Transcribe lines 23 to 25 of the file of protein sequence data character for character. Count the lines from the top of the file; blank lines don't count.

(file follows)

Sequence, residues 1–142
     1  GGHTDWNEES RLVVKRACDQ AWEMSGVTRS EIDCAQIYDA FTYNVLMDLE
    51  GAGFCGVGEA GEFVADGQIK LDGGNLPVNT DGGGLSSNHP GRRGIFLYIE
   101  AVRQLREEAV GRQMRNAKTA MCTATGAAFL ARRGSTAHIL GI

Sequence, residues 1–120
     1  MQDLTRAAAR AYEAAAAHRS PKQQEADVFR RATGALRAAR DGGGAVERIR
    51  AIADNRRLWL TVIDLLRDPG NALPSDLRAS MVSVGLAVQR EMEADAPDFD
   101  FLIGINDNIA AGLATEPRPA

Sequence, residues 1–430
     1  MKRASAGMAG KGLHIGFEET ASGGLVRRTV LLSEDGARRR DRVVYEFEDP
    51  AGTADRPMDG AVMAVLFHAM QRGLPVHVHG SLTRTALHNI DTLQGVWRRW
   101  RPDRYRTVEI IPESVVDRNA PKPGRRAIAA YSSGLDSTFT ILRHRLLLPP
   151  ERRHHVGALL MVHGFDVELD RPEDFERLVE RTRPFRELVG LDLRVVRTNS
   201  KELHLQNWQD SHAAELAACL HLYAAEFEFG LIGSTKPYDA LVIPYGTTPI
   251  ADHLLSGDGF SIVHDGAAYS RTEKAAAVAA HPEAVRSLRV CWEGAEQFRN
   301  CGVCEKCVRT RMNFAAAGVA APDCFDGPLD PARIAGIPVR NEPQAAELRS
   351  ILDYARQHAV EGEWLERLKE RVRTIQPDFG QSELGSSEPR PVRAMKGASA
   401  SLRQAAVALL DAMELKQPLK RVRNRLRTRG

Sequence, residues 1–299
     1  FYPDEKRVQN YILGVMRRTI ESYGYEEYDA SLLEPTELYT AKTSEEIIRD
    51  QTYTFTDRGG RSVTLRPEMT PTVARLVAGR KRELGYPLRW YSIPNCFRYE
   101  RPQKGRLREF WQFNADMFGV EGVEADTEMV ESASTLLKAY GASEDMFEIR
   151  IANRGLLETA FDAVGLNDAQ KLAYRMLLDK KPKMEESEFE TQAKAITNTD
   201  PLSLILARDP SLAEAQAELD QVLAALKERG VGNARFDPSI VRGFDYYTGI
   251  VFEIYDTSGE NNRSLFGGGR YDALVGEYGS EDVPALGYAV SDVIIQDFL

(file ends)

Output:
   151  IANRGLLETA FDAVGLNDAQ KLAYRMLLDK KPKMEESEFE TQAKAITNTD
   201  PLSLILARDP SLAEAQAELD QVLAALKERG VGNARFDPSI VRGFDYYTGI
   251  VFEIYDTSGE NNRSLFGGGR YDALVGEYGS EDVPALGYAV SDVIIQDFL